The commercially available precursor to dextroamphetamine is 1R,2S-(-)-norephedrine. Attempts were made to O-acetylate the norephedrine free base, but produced mostly N-acetylamphetamine according to an analysis of the carbonyl region of the infrared spectra. In one experiment, norephedrine free base in acetic acid was treated with 0.5 equivalents of sulfuric acid and then treated with 1.1 equivalents of acetic anhydride with heating to 63.degree. C. to obtain a clear solution. Catalytic reduction followed by basification gave an oil that was composed of 13.96% amphetamine and 68% norephedrine, an indication that the acetylation procedure on a sulfate salt was only partially successful. In another experiment, a 10 mol portion of norephedrine hydrochloride was acetylated with a 20% excess of acetic anhydride in 2 mL acetic acid/g of salt and progress of the reaction followed fours (Table 2). The reaction mixture was diluted with 130 mL water and subjected to catalytic hydrogenation for 22 hours to obtain 10.4 g of oil. The long reaction time is attributed to the presence of acetic acid in the reduction mixture. Yield of amphetamine from norephedrine hydrochloride based on the weight of product and HPLC analysis is 66% (Experiments A and B). For these experiments, it can be seen that the best results were obtained with the salts of phenylpropylamine or norephedrine, particularly the hydrochloride salt.
D. Catalytic Transfer Hydrogenation of O-Acetylnorephedrine
A 500 mL 3-necked round bottom flask equipped with stirrer, addition funnel, condenser, and thermocontroller was charged with O-acetylnorephedrine hydrochloride (47.0 g, 0.205 mol), 131 mL of water, and 1.0 g of 10% palladium on carbon (50% water) catalyst. A solution of ammonium formate (HCOONH.sub.4 ; 15.50 g, 0.246 mol) in 20 mL water was then prepared. The reaction mixture in the 3-necked round bottom flask was then heated in a water bath temperature controlled to 71.degree. C. When the reaction mixture temperature reached 68.degree. C., approximately 6 mL of the ammonium formate solution was added in 2 mL increments to the reaction mixture at 5 minute intervals. When evolution of gas began to subside, the remainder of ammonium formate solution was added dropwise and the reaction mixture stirred in the water bath for approximately 1 hour. The water bath temperature controller was then turned off and the reaction mixture was allowed to cool to ambient temperature while stirring overnight. The cooled reaction mixture was then filtered to remove the catalyst and the filtrate was treated with 26 mL (0.50 mol) of 50% sodium hydroxide solution. The basified reaction mixture was then transferred to a separatory funnel and allowed to stand for 0.5 hour. The bottom aqueous layer was separated from the top oily layer and the oily layer was recovered (40.83 g). The oil was analyzed and the analysis had the following results: GLC weight-% assay: 60.18% amphetamine; Karl Fischer titration: 23.15% water; HPLC analysis: 79.03% amphetamine, 14.6% N-acetylnorephedrine, 5.49% N-acetylamphetamine, and 0.76% norephedrine; calculated yield: 24.6 g amphetamine (88.8%).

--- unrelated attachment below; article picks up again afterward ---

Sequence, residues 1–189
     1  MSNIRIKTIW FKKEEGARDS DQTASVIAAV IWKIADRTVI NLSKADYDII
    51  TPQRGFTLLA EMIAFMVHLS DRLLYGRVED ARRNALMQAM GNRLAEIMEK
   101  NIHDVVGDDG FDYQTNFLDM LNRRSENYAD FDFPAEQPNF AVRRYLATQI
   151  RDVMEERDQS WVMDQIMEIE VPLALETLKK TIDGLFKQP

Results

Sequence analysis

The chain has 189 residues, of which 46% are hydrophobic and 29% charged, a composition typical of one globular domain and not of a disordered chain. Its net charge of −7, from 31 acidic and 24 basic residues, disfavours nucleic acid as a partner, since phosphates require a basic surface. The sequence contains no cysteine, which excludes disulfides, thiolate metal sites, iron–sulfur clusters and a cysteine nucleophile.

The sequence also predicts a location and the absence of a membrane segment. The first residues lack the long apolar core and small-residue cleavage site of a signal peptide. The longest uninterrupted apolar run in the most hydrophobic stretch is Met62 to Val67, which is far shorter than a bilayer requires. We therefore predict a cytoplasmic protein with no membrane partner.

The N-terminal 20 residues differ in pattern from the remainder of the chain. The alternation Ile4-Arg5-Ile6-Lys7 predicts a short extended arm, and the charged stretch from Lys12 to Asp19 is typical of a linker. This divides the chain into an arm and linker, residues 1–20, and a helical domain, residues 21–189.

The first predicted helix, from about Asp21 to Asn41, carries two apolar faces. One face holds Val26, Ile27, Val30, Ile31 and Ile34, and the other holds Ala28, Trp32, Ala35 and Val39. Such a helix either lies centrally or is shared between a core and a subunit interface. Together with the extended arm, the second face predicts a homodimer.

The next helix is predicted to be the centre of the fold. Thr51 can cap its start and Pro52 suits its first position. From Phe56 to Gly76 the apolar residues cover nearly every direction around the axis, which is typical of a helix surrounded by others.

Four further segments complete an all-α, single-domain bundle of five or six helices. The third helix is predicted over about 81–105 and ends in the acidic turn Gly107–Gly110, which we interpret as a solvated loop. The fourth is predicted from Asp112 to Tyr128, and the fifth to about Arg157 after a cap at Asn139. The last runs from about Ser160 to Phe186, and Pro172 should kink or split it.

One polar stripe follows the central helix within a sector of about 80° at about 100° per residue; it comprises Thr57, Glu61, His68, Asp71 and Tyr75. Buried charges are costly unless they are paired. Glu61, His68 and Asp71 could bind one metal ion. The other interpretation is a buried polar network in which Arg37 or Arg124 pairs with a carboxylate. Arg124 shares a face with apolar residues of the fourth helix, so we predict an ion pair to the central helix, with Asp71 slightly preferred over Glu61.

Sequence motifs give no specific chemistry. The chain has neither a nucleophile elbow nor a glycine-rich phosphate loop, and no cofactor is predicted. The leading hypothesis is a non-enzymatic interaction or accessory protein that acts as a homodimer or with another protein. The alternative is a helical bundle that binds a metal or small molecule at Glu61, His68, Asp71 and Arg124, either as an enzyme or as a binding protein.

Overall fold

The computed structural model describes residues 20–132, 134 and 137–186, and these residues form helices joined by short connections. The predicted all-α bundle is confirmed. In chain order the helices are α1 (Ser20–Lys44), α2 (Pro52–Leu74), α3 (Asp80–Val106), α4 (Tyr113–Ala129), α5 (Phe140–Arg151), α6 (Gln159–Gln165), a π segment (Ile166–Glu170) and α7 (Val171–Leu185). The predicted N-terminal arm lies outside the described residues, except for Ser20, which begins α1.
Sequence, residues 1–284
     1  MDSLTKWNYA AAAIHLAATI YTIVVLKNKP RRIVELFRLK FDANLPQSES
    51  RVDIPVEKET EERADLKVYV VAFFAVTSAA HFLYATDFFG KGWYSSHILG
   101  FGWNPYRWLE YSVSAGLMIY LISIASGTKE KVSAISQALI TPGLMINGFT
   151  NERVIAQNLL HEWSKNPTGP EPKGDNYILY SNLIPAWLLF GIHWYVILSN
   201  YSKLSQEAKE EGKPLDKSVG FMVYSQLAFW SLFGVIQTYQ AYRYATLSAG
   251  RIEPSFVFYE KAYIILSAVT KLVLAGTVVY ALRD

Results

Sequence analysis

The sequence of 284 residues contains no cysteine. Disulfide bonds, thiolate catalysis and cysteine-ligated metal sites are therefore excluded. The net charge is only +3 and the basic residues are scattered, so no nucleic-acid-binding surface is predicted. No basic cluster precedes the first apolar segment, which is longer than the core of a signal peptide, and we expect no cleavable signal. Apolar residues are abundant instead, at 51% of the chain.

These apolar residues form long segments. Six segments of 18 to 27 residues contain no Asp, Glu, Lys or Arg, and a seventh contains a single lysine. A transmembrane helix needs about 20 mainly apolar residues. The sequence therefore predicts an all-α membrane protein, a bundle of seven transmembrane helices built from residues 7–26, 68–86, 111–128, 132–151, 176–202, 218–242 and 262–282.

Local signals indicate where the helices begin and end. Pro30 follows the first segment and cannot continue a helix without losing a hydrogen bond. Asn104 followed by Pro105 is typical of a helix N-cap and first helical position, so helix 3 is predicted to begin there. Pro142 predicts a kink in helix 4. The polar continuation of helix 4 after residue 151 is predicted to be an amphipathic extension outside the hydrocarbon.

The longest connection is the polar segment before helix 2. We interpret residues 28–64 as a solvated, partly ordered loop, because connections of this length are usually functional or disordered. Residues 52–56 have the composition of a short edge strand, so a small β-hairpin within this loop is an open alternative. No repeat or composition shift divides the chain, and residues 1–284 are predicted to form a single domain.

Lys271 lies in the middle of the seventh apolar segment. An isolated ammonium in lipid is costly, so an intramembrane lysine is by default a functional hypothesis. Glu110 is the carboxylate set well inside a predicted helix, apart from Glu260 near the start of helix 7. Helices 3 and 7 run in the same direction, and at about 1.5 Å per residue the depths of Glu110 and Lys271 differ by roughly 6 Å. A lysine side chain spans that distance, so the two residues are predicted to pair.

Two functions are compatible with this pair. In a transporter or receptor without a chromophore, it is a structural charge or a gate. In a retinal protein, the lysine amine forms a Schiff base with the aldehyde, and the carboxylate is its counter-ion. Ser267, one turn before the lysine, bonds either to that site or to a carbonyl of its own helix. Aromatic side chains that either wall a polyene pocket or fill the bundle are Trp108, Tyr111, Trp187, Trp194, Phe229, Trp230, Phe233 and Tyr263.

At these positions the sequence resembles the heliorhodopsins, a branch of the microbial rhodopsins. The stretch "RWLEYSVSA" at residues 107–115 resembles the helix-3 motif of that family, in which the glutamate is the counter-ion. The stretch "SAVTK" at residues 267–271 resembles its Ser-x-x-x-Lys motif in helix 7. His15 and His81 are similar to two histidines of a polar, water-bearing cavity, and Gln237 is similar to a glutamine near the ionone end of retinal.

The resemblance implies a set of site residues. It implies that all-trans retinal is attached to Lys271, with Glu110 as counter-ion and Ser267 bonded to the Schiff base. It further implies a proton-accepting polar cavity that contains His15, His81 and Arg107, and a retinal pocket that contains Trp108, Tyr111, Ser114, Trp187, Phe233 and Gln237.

E. Catalytic Hydrogenation of O-Acetylnorephedrine Hydrochloride ##STR11##
A Parr bottle was charged with O-acetylnorephedrine hydrochloride (11.43 g) and 75 mL of water. The Parr bottle was flushed with nitrogen and the catalyst added. The bottle was then shaken on a Parr apparatus with an initial pressure of 55 psi. After 2 hours, the pressure drop was 4 psi (on tank). The Parr bottle was shaken for another hour to ensure completion of hydrogenolysis and then depressurized and flushed with nitrogen. The contents of the Parr bottle was then filtered to remove the catalyst and the filtrate was basified with 15 mL of 50% sodium hydroxide solution and the mixture was allowed to stand overnight. The mixture was then transferred to a separatory funnel to separate the bottom aqueous layer from the top oily layer; the oily layer was recovered (7.00 g). The oil was analyzed and the analysis had the following results: GLC weight-% assay: 63.02% amphetamine; HPLC analysis: 87.22% amphetamine, 10.8% N-acetylnorephedrine, 0.37% N-acetylamphetamine; Karl Fischer analysis: 23.699% water; calculated yield: 4.41 g amphetamine (65.33%).